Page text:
Institute of Comparative LawWaseda University

About Institute

From the Director

Welcome to Waseda University Institute of Comparative Law

中村所長Tamio Nakamura

The Institute of Comparative Law (ICL) at Waseda University was established in 1958. The purpose of the institute is to conduct comparative research on the legal systems of Japan and other countries and to contribute to research and education in the field of Japanese legal studies. Working towards this goal, the Institute has been systematically collecting material on the legal systems of other countries, including their statutes, case reports, and law journals, to build one of Japan’s most impressive law libraries. With the development of Japan’s social and economic systems and the evolution of its legal system, our mission has expanded. We aim to disseminate information on the development of contemporary Japanese law and its legal system and to raise critical legal questions of universal importance for discussion from a Japanese perspective.

At present, the Institute has 123 research affiliates who are full-time faculty members at Waseda University and 111 adjunct researchers from outside. In addition, agreements have been concluded with the Institute of Law, Chinese Academy of Social Sciences; School of Law, Tsinghua University; Institute for Comparative and International Law, University of Melbourne; School of Law, Duke University; the Max Planck Institute for Foreign and International Criminal Law; the Korea Legislation Research Institute; and University College London (UCL). Per the agreements, exchange researchers from these institutions are welcome to work with us at the institute. Scholars and researchers from other countries can visit the institute through such channels as the International Affairs Division of the university.

The institute conducts three different programs: specific or individual events, group research projects, and a multi-annual research that is carried out by the institute as a whole.

1) In terms of specific events, the institute holds open lectures on a semi-monthly basis for which it invites legal academics from around the world who are at the forefront of research in various fields of law. In addition, our research affiliates contribute articles to the annual journal, the Waseda Bulletin of Comparative Law, or to the online publication, Topics of Japanese Law. Both publish articles in English for readers worldwide, and the topics are related to the contemporary Japanese legal system, such as the recent Japanese legislation and important Japanese court judgments.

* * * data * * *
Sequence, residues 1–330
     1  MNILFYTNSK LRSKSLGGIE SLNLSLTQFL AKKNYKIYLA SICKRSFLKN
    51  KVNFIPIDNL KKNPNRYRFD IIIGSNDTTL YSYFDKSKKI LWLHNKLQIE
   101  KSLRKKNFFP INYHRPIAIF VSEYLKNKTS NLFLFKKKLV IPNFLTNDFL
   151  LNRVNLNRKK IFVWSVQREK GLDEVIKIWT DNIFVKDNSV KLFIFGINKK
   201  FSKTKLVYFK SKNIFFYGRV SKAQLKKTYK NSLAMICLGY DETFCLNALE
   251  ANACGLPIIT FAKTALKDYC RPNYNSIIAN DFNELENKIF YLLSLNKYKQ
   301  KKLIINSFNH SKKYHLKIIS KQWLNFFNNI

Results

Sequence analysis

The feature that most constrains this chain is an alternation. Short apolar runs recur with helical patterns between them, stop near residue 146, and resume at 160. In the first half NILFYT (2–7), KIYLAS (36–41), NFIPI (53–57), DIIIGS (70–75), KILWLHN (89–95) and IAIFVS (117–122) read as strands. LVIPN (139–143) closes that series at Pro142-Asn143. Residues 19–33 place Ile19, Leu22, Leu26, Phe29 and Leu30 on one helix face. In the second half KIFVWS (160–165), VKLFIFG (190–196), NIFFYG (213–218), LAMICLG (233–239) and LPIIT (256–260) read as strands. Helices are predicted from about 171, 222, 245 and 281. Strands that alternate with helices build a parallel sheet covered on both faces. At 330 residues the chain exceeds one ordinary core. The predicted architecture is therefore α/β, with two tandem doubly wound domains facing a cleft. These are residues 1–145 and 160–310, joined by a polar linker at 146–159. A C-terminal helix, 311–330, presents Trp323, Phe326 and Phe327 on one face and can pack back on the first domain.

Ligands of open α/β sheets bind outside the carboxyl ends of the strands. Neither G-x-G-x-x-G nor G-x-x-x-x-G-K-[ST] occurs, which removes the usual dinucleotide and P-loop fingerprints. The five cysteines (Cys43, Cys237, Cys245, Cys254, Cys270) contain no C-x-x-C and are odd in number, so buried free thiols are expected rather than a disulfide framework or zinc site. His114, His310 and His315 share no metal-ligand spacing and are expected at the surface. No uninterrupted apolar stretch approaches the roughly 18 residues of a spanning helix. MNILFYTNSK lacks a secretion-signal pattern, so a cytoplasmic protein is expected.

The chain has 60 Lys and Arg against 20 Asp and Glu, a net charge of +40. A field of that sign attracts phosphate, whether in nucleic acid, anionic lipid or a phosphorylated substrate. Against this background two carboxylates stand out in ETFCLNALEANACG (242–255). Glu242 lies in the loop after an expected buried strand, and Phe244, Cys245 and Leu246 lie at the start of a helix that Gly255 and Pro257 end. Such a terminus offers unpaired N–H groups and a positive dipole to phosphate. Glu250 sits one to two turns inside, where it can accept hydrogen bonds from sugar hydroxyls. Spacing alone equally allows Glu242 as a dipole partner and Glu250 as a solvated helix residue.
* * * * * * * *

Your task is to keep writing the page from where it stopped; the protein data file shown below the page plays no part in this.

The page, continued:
2) Concerning group research, 20 joint research projects are being conducted by the research affiliates and adjunct researchers who work together on comparative legal studies.

3) Since 2013, we have been conducting an institute-wide research project titled ‘The Role of Law and Legal Studies in the Transition to a Sustainable Society: From the Perspective of Regional Law in Asia’. The research project is based on a critical view of modern states and their societies, the rapid economic development of which is considered the premise of social development. However, the economic development has accelerated the depletion of natural resources and environmental deterioration. Thus, the project aims to determine a new role for law and legal studies that will be instrumental in bringing about a balance between the economy, society, and environment to achieve a transition to a sustainable society that protects the interest of future generations. Economic activities go beyond nation-states, and the social problems that result from these activities inevitably extend beyond national borders. Thus, an effective legal response to the problem would require legal measures and/or regimes at national, macro-regional, and global levels to work in a mutually reinforcing and complementary manner. In this research project, we have tried to conceptualise an Asian regional law/regime that will respond to some of the major cross-border problems. Since there is a lack of research on macro-regional legal responses in Asia, we have studied the experiences of the European Union for lessons and inspirations.

The results of our various research projects are published regularly, in print and online. The print versions include our journal, Hikaku Hogaku (Comparative Law), our comparative law book series, Hikakuhokenkyujo Sosho, and our annual journal in English, the Waseda Bulletin of Comparative Law. We also publish online articles in English in Topics of Japanese Law. In addition, in 2016, we have started two new online publications, Waseda ICL Online Journal and Waseda ICL Online Forum.

The ICL aspires to be a unique forum that will strengthen ties between legal scholars in Japan and other countries through its diverse research activities. We welcome research proposals and initiatives as well as academic professionals from all over the world.

September 21, 2016

Link to Japanese page.

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